It is a highly effective, small, T-shaped device containing a copper thread or cylinders which is placed in the uterus by your healthcare provider. The IUD releases copper ions which immobilizes the sperm and makes it really hard for them to move around in the womb, but does not stop the ovaries from releasing an egg each month. On the rare occasion a sperm does get through, the copper stops a fertilized egg from implanting itself to the lining. The IUD, once inserted into the womb, can stay in place for up to 5 or 10 years or until you decide to remove it.
The IUD is inserted into the woman’s womb through her vagina by a well-trained healthcare provider where it stays for up to 5 or 10 years depending on the type or brand. You can of course change your mind at any point and your healthcare provider will remove it for you. After the IUD is removed, the contraceptive effect wears off quickly and you can become pregnant as rapidly as women who have used no contraceptive at all.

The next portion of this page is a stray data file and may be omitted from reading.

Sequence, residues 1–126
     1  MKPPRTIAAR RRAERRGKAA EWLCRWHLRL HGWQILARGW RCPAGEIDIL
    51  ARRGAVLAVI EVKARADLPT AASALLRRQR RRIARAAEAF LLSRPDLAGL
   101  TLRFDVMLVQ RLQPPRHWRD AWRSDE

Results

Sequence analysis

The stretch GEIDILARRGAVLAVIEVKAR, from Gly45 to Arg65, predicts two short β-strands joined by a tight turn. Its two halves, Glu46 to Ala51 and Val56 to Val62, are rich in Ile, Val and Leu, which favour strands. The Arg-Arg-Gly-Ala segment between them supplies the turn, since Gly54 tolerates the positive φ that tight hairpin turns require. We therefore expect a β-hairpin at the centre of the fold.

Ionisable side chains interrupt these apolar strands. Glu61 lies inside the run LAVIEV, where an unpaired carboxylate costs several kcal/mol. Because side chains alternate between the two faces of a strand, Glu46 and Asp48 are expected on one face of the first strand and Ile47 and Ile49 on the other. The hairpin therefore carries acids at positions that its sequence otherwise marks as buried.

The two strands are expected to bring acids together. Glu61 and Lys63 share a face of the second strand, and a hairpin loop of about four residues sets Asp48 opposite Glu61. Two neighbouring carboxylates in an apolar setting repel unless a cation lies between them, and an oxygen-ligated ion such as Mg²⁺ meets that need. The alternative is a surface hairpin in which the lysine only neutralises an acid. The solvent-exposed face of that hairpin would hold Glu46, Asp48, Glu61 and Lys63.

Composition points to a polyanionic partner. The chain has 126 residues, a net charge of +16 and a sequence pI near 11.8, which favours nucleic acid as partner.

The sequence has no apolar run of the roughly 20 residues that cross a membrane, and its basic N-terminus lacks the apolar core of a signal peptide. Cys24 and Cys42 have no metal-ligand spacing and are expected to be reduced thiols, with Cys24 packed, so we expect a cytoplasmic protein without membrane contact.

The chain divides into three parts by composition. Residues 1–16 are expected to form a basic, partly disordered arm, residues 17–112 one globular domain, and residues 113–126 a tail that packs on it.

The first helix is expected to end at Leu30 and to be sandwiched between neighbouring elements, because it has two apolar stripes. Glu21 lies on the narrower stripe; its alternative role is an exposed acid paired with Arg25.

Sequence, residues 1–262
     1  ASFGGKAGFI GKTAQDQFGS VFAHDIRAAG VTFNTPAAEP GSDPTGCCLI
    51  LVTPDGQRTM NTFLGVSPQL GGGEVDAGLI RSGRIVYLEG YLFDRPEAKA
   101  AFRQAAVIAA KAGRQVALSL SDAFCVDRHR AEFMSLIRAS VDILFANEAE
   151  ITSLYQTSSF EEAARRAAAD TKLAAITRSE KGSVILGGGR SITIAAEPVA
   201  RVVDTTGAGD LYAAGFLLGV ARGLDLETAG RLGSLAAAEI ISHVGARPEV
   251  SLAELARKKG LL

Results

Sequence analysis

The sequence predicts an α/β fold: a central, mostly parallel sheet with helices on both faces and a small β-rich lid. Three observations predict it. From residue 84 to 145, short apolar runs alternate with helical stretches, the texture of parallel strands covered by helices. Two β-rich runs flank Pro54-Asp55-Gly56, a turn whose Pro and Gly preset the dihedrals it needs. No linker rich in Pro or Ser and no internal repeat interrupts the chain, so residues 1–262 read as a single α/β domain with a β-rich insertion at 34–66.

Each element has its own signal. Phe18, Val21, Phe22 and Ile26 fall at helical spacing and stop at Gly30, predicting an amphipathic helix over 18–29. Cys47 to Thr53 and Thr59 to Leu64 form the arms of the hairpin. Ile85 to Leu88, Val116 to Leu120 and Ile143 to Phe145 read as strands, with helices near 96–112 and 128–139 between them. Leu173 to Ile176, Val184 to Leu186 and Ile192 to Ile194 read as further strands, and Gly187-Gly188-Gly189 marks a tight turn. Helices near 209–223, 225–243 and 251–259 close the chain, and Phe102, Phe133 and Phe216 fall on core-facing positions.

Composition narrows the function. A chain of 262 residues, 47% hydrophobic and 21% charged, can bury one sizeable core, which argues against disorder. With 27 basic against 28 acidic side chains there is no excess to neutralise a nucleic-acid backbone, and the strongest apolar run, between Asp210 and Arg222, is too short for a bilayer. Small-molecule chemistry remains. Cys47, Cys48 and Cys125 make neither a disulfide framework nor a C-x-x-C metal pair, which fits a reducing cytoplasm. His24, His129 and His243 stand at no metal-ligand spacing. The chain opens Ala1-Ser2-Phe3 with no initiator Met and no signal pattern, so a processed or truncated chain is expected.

Reference: http://www.fpa.org.uk/contraception-help/your-guide-contraception Accessed on September 6, 2016 (PP-YAZ-MY-0056-01(10/2018))
Stays in place for up to 5 or 10 years (depending on the type), but can be removed any time
At 99%, it’s one of the most effective contraceptive methods
Does not interrupt sex
Not affected by other medications
Can be used as emergency contraception if inserted within five days after unprotected sex
An alternative to those affected by the hormone estrogen
Can be used when breastfeeding
Fertility returns to previous levels once the IUD is removed
Requires a trained healthcare provider for insertion and removal
May cause cramps and/or irregular bleeding
Some women experience headaches, tenderness and acne after an IUD is fitted
Small risk of infection at insertion and of expulsion
Does not protect against HIV infection (AIDS) and other sexually transmitted infections (STIs)